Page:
Mike Bloomberg. Photo: Ray Chavez/Bay Area News Group/Getty Images

Billionaire presidential contender Mike Bloomberg received an extension through March 20 that allows him to keep details about his personal wealth confidential until after Americans vote in the 2020 Democratic primaries, The New York Times reports.

Why it matters: Billionaires have been a focal point so far in the 2020 election, and have been lamented by other candidates for using their vast wealth to buy the nomination.

The state of play: Bloomberg received an extended deadline to file his financial disclosure more than two weeks after Super Tuesday.

  • He has already poured $200 million into TV and digital ads, the Times notes.
  • Bloomberg entered the race in November, months after his rivals. If he drops out before March 20, he may never have to share his financial particulars.

The big picture: Transparency has become important to the 2020 race since President Trump has refused to share his tax returns. "Many Democrats do not want to cede their political advantage on the topic in 2020," the Times writes.

Our thought bubble, via Dan Primack: Bloomberg, as one of America's most successful living entrepreneurs, has created and amassed a lot of wealth.

  • There should be a thorough accounting of how he made his money, and how it affected others along the way.
  • If there are legitimate criticisms, let 'em fly. Just as they should for any other part of his professional and personal conduct, in both the private and public sectors.
  • And there is certainly value in a robust debate over the future viability of plutocracy in America, including the idea of taxing wealth (as opposed to only taxing income).

Bloomberg is worth an estimated $50 billion, per the Times.

His campaign did not respond to a request for comment.

Go deeper: Michael Bloomberg on the issues, in under 500 words

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33 mins ago - Health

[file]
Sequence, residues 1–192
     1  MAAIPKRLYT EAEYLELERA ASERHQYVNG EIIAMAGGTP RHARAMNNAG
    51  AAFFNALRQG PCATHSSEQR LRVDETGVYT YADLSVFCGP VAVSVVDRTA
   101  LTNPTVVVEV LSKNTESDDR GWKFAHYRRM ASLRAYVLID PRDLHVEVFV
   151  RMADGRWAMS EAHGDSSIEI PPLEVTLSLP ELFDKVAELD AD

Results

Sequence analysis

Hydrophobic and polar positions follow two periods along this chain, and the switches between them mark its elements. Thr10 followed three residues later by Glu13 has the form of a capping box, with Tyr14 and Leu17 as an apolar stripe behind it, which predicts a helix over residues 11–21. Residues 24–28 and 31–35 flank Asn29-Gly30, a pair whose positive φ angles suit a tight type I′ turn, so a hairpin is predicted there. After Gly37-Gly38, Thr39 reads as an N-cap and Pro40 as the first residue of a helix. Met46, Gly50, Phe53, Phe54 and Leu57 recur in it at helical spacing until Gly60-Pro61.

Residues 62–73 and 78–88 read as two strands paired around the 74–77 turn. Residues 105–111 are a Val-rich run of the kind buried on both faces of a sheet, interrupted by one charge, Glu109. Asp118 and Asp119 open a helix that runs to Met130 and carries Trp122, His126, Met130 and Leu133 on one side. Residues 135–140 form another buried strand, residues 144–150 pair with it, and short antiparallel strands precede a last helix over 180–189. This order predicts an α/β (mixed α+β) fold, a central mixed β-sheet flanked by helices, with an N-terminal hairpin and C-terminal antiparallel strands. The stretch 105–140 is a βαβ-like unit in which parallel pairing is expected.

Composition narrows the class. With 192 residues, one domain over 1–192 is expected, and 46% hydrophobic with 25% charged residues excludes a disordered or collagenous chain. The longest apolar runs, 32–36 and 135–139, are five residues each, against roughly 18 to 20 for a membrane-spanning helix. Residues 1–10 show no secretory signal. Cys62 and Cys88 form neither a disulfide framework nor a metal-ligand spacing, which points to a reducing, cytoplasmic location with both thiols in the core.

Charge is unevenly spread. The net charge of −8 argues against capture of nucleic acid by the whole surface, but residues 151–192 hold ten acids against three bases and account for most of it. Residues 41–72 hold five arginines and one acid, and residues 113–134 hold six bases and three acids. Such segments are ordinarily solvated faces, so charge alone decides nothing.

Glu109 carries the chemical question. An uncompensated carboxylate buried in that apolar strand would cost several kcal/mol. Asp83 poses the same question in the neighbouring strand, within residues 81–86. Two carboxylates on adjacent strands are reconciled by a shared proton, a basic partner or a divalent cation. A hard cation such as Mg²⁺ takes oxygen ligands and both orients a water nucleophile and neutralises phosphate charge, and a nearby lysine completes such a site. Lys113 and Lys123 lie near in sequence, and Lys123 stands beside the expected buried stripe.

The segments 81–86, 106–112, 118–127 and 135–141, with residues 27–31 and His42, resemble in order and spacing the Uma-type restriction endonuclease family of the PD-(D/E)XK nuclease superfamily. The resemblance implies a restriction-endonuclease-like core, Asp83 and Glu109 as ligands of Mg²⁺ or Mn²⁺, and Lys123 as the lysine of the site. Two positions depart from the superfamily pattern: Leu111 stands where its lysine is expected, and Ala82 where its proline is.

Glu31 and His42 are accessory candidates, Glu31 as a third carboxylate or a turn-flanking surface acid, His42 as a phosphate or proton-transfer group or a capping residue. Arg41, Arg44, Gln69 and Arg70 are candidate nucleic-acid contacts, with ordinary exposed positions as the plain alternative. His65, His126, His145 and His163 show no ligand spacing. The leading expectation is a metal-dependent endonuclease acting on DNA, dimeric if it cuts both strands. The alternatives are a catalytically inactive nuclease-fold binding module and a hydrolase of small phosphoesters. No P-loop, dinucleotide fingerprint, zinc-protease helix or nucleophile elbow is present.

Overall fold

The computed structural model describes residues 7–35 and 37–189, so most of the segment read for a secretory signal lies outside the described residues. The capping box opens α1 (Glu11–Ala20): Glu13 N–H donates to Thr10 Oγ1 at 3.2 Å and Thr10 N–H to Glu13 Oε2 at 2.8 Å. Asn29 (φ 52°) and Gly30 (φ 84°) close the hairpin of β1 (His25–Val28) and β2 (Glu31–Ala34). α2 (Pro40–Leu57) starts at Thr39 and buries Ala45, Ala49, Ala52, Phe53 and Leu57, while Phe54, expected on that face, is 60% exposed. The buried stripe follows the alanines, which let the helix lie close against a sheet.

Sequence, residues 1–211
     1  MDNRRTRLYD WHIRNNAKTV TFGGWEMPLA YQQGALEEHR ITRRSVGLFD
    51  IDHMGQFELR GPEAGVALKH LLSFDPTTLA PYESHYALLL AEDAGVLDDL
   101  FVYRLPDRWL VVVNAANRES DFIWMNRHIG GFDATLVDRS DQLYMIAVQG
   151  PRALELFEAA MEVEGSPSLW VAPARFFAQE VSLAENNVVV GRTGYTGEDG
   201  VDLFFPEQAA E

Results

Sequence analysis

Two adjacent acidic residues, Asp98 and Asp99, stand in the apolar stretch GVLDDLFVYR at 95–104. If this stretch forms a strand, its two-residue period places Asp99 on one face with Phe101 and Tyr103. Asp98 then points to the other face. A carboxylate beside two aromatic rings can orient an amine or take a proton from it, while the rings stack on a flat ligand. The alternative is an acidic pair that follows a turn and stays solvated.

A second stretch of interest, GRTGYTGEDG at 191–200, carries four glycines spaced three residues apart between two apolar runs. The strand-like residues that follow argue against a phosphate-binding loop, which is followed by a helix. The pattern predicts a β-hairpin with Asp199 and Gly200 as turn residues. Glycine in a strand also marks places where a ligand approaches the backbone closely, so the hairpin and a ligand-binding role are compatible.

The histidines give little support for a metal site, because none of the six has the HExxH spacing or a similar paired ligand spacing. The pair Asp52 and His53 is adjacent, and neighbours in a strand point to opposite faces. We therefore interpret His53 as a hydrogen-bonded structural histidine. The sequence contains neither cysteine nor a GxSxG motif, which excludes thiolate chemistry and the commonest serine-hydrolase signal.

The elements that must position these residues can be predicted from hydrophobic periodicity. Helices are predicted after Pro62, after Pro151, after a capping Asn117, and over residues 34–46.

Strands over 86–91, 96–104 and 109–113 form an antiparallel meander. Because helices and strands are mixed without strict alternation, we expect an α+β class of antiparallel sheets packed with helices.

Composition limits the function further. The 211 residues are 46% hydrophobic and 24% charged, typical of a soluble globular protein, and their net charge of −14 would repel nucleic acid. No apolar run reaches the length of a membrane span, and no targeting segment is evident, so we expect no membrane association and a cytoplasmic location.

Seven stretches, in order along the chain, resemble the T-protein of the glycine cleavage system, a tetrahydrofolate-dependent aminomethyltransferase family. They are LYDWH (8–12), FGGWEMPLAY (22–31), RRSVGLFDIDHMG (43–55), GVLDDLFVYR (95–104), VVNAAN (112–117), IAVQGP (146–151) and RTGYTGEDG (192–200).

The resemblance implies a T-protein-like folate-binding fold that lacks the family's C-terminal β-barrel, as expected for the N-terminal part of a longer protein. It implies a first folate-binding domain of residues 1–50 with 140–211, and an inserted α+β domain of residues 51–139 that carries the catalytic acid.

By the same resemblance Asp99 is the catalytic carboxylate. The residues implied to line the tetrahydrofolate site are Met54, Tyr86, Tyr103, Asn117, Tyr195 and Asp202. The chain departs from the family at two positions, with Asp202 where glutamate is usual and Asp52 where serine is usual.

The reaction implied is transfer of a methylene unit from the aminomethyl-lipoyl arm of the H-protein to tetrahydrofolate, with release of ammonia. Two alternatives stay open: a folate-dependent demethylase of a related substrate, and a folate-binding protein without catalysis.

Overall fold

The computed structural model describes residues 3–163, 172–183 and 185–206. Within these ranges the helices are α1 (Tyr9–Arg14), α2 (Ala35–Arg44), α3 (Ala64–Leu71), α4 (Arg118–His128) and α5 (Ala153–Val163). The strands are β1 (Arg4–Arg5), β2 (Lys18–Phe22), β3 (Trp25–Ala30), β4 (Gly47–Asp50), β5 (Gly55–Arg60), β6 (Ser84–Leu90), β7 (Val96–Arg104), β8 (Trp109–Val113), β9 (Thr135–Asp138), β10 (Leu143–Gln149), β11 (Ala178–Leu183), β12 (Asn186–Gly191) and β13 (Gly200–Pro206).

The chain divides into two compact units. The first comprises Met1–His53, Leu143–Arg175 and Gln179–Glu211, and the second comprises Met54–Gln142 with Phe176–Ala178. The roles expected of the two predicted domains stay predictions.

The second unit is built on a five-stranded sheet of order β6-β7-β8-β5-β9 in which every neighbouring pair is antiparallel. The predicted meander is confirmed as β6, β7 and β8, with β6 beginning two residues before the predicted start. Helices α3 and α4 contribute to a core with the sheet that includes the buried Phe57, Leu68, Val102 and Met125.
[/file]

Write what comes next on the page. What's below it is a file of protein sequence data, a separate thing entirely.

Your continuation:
239 scientists call on WHO to recognize coronavirus as airborne

People walk at the boardwalk in Venice Beach. Photo: Apu Gomes/AFP via Getty Images

A group of 239 scientists in 32 countries is calling for the World Health Organization to revise its recommendations to account for airborne transmission as a significant factor in how the coronavirus spreads, the New York Times reports.

The big picture: The WHO has said the virus mainly spreads via large respiratory droplets that fall to the ground once they've been discharged in coughs and sneezes. But the scientists say evidence shows the virus can spread from smaller particles that linger in air indoors.

Updated 1 hour ago - Politics & Policy

Coronavirus dashboard

Illustration: Aïda Amer/Axios

  1. Global: Total confirmed cases as of 9 a.m. ET: 11,294,859 — Total deaths: 531,419 — Total recoveries — 6,078,552Map.
  2. U.S.: Total confirmed cases as of 9 a.m. ET: 2,839,917 — Total deaths: 129,676 — Total recoveries: 894,325 — Total tested: 34,858,427Map.
  3. States: Photos of America's pandemic July 4 ICU beds in Arizona hot spot near capacity.
  4. Public health: U.S. coronavirus infections hit record highs for 3 straight days.
  5. Politics: Trump extends PPP application deadlineKimberly Guilfoyle tests positive.
  6. World: Mexican leaders call for tighter border control as infections rise in U.S.
  7. Sports: 31 MLB players test positive as workouts resume.
  8. 1 📽 thing: Drive-in movie theaters are making a comeback.

Protesters toss Columbus statue into Baltimore’s Inner Harbor

Christopher Columbus statue in Columbus Piazza in Little Italy on April 9, 2015 in Baltimore. Photo: Raymond Boyd/Getty Images

Protesters in Baltimore on Saturday toppled a statue of Christopher Columbus and tossed it into the city's Inner Harbor, the Baltimore Sun reports.

Why it matters: It's the latest monument toppled by demonstrators during the protests against racism and police brutality. Statues of Confederate soldiers and slave owners have been a flashpoint in the protests.